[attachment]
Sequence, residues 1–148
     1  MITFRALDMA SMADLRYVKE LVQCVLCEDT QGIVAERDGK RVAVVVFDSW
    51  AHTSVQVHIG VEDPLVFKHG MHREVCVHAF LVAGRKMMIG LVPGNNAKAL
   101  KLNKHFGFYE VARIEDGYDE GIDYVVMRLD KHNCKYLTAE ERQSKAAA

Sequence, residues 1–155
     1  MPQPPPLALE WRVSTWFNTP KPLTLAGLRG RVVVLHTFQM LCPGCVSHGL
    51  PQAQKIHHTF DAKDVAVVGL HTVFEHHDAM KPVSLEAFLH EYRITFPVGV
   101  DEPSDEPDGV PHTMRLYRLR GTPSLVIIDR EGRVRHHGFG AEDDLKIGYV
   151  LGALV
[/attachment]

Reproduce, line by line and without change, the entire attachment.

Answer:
Sequence, residues 1–148
     1  MITFRALDMA SMADLRYVKE LVQCVLCEDT QGIVAERDGK RVAVVVFDSW
    51  AHTSVQVHIG VEDPLVFKHG MHREVCVHAF LVAGRKMMIG LVPGNNAKAL
   101  KLNKHFGFYE VARIEDGYDE GIDYVVMRLD KHNCKYLTAE ERQSKAAA

Sequence, residues 1–155
     1  MPQPPPLALE WRVSTWFNTP KPLTLAGLRG RVVVLHTFQM LCPGCVSHGL
    51  PQAQKIHHTF DAKDVAVVGL HTVFEHHDAM KPVSLEAFLH EYRITFPVGV
   101  DEPSDEPDGV PHTMRLYRLR GTPSLVIIDR EGRVRHHGFG AEDDLKIGYV
   151  LGALV